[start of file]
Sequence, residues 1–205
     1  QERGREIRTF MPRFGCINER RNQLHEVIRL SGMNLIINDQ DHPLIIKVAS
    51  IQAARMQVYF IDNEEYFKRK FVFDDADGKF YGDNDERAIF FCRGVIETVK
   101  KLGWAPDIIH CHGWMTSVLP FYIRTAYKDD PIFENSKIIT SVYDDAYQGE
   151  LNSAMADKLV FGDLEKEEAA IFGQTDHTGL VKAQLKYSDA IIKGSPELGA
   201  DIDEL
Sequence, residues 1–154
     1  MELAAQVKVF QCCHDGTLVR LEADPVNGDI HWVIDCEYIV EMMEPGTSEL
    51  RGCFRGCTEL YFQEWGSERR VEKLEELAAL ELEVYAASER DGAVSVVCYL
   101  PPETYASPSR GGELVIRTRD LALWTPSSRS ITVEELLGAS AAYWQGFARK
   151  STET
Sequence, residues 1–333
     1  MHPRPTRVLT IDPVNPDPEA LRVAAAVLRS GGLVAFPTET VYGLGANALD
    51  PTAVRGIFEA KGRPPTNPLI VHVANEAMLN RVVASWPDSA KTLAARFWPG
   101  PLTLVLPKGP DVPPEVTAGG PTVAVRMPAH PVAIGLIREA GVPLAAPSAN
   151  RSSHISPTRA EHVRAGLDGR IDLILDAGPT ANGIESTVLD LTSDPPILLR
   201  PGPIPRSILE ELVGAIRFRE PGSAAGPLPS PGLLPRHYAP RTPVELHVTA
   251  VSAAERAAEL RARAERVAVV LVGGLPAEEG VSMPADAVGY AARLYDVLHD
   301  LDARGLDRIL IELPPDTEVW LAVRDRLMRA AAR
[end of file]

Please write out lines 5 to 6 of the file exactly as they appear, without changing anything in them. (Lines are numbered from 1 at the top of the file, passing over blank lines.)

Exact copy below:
   151  LNSAMADKLV FGDLEKEEAA IFGQTDHTGL VKAQLKYSDA IIKGSPELGA
   201  DIDEL